And how do you think parallel groupings will affect students?
I think students should feel free to make their demands to us, but if these are demands that are not done through a recognised representative body, I do not know how the Institute will react. There’s a big chance they may not pay attention, or if push comes to shove, then they will talk to them. But there is no guarantee or assurance about which way it could go, because it’s up to the Institute. It would be their decision to entertain these demands. But if any student comes to us with a demand, and we present this demand then it makes sense for them and the Institute to pay heed to this. This is literally our job.
Is there one integral part of your work as GISA President that you would like to showcase?
I’d like to showcase the sheer amount of talks, negotiations and ideations with the Institute that I go through on a weekly basis. I would say my volume of meetings are reduced now, that I am nearing the end of my term. But it’s the whole constant effort of making sure that students’ needs are being addressed and are being presented to the Institute, and working with them on new ideas. Designing surveys for students in terms of what they want from the Institute. All of this is a small part of the bigger things such as making sure there is peace between the Student Initiatives, and that things remain smooth even within the Board functions a little more.
Keeping the Board together is a big responsibility, because the President does take the final call, but I do not see the Board as a hierarchy but as a unit. Whoever comes next will need to understand that you will have to find ways to make the Board work together. I also went through a lot of personal trauma in the last one year. And in a way I feel like whoever takes a GISA position should know that any position will take up a lot of time. So you have to be ready to be the silent hero. A lot of my work is silently done, in terms of pushing things in motion. I was happy about being able to push a lot of information and orientations out for new students when they arrived. I had wanted this when I joined the Institute, when I had no idea about different initiatives or the different insurance mechanisms. I was happy about making new students more aware of things, and this is something I was really proud of. I had fun doing these things as a President, I enjoyed working with the disability cell, collaborating to plan the Diversity month, and the sign language workshop mechanism with the Institute. It was a lot of work, but I had fun, you know, knowing that it’s going to make a lot of difference in the way students are going to benefit. Most importantly, I think working as President is largely about how to approach the Institute, how to talk with the Direction, and how to set a rapport with them. We can’t be hostile. We had a rough summer patch with the Institution, and we did not want a repeat of that.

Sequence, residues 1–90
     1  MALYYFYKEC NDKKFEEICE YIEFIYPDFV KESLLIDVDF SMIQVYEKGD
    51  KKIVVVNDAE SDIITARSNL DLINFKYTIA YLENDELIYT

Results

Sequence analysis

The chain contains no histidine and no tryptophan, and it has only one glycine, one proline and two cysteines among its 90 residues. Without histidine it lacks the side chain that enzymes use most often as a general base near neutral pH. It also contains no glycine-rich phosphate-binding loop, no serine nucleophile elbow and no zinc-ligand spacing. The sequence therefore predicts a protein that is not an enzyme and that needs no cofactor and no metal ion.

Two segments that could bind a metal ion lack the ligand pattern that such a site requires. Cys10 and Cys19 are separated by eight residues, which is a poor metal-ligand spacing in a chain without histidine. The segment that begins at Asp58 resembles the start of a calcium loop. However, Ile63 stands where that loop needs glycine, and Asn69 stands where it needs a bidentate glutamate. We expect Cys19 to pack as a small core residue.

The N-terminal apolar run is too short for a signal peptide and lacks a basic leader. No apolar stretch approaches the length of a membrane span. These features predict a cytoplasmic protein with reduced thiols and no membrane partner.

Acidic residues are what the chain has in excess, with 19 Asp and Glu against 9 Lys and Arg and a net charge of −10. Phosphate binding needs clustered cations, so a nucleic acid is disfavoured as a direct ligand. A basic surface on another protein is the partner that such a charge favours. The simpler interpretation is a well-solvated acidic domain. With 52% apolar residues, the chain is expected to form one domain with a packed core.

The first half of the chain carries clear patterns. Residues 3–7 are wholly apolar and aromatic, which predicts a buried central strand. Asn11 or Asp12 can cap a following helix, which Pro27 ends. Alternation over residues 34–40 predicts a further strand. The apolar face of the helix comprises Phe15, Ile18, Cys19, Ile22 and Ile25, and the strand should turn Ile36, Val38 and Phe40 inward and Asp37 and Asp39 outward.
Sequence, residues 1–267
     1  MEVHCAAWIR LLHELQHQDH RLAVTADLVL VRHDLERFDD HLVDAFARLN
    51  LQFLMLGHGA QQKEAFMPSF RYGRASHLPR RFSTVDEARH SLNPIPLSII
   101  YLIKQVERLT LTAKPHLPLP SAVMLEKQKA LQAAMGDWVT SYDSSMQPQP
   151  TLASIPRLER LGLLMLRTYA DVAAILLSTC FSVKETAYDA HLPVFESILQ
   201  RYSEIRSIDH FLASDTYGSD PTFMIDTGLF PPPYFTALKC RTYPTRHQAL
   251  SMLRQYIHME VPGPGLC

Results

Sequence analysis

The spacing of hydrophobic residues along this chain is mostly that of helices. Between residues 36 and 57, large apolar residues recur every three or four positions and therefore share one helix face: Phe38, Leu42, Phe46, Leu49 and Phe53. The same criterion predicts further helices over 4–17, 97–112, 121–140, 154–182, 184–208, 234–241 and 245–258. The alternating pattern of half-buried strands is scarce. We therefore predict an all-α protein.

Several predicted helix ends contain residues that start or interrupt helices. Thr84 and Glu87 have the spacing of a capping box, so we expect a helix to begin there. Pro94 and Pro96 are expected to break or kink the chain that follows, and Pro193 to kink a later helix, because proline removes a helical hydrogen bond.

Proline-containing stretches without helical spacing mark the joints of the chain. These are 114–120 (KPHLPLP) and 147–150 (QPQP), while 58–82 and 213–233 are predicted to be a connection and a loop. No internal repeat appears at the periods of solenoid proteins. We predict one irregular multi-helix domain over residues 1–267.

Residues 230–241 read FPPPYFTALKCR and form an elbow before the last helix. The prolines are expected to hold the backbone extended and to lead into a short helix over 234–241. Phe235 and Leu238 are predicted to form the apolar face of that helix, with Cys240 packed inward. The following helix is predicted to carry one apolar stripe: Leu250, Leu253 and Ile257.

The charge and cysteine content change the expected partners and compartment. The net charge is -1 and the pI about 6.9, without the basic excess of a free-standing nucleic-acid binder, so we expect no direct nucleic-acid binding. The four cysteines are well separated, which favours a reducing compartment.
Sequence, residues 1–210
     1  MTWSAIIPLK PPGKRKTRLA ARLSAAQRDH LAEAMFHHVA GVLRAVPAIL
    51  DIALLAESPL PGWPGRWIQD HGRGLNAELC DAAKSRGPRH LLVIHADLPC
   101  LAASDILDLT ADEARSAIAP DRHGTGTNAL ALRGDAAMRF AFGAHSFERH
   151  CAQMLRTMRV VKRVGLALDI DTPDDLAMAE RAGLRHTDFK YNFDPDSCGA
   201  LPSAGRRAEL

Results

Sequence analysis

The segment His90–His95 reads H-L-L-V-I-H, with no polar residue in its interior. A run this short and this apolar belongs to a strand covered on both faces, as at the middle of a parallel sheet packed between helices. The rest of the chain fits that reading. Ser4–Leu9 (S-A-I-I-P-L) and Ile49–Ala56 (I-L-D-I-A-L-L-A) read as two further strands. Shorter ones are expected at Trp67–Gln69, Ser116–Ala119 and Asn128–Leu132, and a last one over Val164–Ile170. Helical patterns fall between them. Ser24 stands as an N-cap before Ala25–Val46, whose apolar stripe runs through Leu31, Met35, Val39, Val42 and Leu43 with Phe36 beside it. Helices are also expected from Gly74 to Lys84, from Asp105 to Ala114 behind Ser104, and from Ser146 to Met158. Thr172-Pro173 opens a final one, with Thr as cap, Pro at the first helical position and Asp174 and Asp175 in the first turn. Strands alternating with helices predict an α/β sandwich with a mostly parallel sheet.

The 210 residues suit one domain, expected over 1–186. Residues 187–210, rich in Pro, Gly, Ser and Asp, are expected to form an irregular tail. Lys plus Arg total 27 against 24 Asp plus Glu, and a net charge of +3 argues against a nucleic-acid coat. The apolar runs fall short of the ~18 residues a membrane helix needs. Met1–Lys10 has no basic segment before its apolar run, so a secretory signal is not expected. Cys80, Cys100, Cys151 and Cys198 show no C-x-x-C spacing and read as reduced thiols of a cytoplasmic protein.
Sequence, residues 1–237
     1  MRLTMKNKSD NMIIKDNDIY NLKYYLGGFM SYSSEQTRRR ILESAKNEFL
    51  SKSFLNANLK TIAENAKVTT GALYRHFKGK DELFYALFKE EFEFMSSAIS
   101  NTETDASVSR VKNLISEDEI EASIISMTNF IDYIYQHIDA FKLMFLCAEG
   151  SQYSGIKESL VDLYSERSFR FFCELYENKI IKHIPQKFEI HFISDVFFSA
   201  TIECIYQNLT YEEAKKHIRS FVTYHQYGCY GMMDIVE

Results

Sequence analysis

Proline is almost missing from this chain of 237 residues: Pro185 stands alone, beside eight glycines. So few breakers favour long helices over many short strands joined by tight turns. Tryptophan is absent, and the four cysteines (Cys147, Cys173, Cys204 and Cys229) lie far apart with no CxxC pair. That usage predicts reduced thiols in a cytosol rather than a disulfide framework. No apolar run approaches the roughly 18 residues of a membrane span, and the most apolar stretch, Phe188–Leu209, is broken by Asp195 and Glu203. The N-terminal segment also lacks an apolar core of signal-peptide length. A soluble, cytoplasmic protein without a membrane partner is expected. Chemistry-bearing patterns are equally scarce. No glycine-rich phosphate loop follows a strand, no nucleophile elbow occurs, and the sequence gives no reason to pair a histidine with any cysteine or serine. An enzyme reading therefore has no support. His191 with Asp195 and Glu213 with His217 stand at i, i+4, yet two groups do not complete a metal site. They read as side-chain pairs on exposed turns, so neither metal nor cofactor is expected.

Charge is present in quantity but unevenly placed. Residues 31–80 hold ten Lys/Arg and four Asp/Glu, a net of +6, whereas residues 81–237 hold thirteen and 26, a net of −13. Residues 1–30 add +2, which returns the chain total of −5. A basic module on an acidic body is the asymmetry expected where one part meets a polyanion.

If there was one thing you would like to change a) about the GISA Board and b) the Institute, what would it be?
For the Board, it’s very important to learn how to communicate, and not just professionally, but personally too because we are all very diverse. I’ve tried very hard to maintain that balance with everyone, because sparks have flown a lot in the Board. It’s about knowing that you have to be a little more understanding of the other person’s limits or understand where they come from. So I think communication is something which needs to change. And at the same time, I feel like there should be more student ad hoc committees within the board. I know that students will not come forward for this because we cannot assure the tuition waiver for it. With the current poor response to things, I am not sure how it will work out. I would suggest that the Board finds a way to outsource some of their work to ad hoc committees that can handle things. These roles also encompass activities that we already do, so it is not exactly like we need the specific role. It is just that it would reduce the mental effort that goes into this. Because if students are keen on helping, this could be useful.
With the Institute, I think the Institute needs to be a little more flexible with a few things. For instance allowing students to drop courses, and take others. That flexibility needs to be more fluid. It can often be a long process where you get redirected across multiple departments. It would help for more clarity from the Institute on whom to approach for which different processes.
Picture credits: Kobu Agency at unsplash.com